NEC Report on
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The designations "National Electrical Code” and “NEC” refer to the
National Electrical Code®, which is a registered
trademark of the
National Fire Protection Association.
Top 50 NEC Rules
By Mike Holt
Bonding jumpers must be of copper. Bonding jumpers must
terminate by exothermic welding, listed pressure connectors, listed
clamps, or other listed means. Sheet-metal screws cannot be used for
termination of bonding conductors or connection devices [250.8].
Bonding jumpers for service raceways must be sized in accordance
Table 250.66, based on the ungrounded service conductors within the
service raceway. Where service conductors are paralleled in two or more
raceways or cables, the bonding jumper for each raceway or cable must
sized on the ungrounded service conductors in each raceway or cable.
Bonding jumpers on the load side of service equipment must be sized
in accordance with Table 250.122, based on the rating of the
circuit-protection device. A single bonding jumper sized in accordance
with 250.122 can be used to bond multiple raceways or cables.
Where the equipment bonding jumper is installed outside of a
its length must not exceed 6 feet -- and it must be routed with the
raceway. Exception: An equipment bonding jumper of any length
be used to bond isolated sections of metal raceways at outside pole
Editor's note: This information was extracted from Mike
the National Electrical Code
Fluke 117 Electrician's Multimeter with
Non-Contact voltage. Designed by electricians. Engineered by Fluke.
Compact true-rms meter for commercial applications. The Fluke 117 is
ideal meter for demanding settings like commercial buildings, hospitals
and schools. The 117 includes integrated non-contact voltage detection
to help get the job done faster. For
more information, click here.
What's Wrong Here?
By Joe Tedesco
Think you know how this installation violates the
NEC? Visit EC&M's Web
site to see the answer.
Hint: A potentially shocking installation
By Mike Holt
Q. Can a circuit breaker be used to switch
Web site to see the answer.
By Steven Owen
Q. Where a transient voltage surge suppressor
(TVSS) is installed, the TVSS shall comply with which of the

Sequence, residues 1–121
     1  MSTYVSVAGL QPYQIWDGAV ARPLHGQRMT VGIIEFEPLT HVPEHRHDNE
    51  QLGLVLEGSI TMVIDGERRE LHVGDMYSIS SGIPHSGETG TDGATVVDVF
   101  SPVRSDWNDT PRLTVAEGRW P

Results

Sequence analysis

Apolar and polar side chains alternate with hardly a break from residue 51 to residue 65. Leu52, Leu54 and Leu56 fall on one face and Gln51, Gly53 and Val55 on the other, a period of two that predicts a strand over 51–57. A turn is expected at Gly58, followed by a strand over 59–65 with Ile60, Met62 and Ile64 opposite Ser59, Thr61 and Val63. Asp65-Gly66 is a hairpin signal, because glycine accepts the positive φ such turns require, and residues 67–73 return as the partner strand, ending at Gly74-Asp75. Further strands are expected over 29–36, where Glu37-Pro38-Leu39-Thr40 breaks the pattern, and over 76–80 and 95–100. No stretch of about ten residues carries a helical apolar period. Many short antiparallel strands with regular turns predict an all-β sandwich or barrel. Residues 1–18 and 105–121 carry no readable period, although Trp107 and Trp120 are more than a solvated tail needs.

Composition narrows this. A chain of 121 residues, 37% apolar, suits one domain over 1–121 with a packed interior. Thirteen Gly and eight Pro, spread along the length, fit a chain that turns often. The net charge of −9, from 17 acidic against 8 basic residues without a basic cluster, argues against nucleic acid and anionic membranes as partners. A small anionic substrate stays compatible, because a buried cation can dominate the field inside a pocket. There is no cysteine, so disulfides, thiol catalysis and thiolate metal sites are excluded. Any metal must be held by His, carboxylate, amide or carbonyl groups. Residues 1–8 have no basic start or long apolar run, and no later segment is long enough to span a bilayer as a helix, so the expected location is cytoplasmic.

- The rating of the TVSS shall be equal to or greater than the
continuous phase-to-ground power frequency voltage available at the
point of application.
- TVSS shall be a listed device.
- TVSS shall be marked with short circuit current rating and shall
be installed at a point on the system where the available fault current
is in excess of that rating.
- TVSS shall not be installed on ungrounded systems, impedance
grounded systems, or corner grounded delta systems unless listed
specifically for use on these systems.
- All of the above.
Web site for the answer and explanation.
One-touch automated design and one-touch automated protective device
coordination options, available in EasyPower 8.0, will be introduced in
the Hands-On training in Portland, OR April 30 -- May 4, 2007!
Streamline the implementation of your Arc Flash and Electrical Safety
Program. What used to take hours, now takes mere seconds! EasyPower
delivers Windows®-based tools for designing, analyzing,
and monitoring electrical power systems.
Code News Update
NEC Report on Comments Now
The 2007 NEC Report on Comments is now available
for all to view. Download the file from the NFPA
See something in the report you're not too happy with? You can
file an amending motion on the technical committee report by submitting
a Notice of Intent to Make a Motion by the deadline of May 4, 2007.
Certified motions that receive notice of proper Amending Motions will
presented for action at the annual meeting to be held June 3-7, 2007 in
Cool Electronic Cabinets
EXAIR's low cost Cabinet Coolers stop electronic control downtime due
heat, dirt and moisture. UL Listed Cabinet Coolers produce 20 degree
Fahrenheit air from an ordinary supply of compressed air to cool
electrical controls. Thermostat control minimizes air usage. Maintains
the NEMA 4, 4X (stainless steel) and 12 rating of the enclosure. Web
site offers detailed information, downloadable drawings and PDF
Shows and Events
EC&M Code Change
Where do you turn when you need accurate information on
changes to the National Electrical Code? Acknowledged as the leaders in
providing information on the NEC, EC&M magazine and EC&M
Seminars have been the preferred sources of this information for more
than 60 years. Seven Code change conferences have been scheduled in the
fall of 2007. Host cities include: Atlanta, Boston, Dallas, Orlando,
Philadelphia, St. Louis, and Seattle.
As an approved provider with the National Council of Examiners for
Engineering and Surveying (NCEES), through its Registered Continuing
Education provider Program (RCEPP), professional engineers attending
of our 2008 Code change conferences will receive Professional
Development Hours (PDHs), a requirement for re-licensing in many
The conferences are also approved by every state that has a continuing
education requirement for contractors and electricians.
For additional information on the dates and locations of these
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